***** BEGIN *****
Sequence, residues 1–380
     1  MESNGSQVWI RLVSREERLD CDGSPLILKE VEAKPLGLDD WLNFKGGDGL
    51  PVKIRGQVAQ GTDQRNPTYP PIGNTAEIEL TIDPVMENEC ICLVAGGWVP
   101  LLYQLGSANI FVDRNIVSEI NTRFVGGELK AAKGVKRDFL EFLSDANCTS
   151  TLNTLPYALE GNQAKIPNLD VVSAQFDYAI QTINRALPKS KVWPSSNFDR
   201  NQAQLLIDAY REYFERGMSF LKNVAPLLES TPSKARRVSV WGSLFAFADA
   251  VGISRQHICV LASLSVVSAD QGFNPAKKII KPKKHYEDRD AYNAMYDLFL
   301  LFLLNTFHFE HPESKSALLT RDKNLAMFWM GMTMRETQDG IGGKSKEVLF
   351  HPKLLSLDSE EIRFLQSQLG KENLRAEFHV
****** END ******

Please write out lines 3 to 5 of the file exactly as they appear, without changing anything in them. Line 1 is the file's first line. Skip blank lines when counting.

    51  PVKIRGQVAQ GTDQRNPTYP PIGNTAEIEL TIDPVMENEC ICLVAGGWVP
   101  LLYQLGSANI FVDRNIVSEI NTRFVGGELK AAKGVKRDFL EFLSDANCTS
   151  TLNTLPYALE GNQAKIPNLD VVSAQFDYAI QTINRALPKS KVWPSSNFDR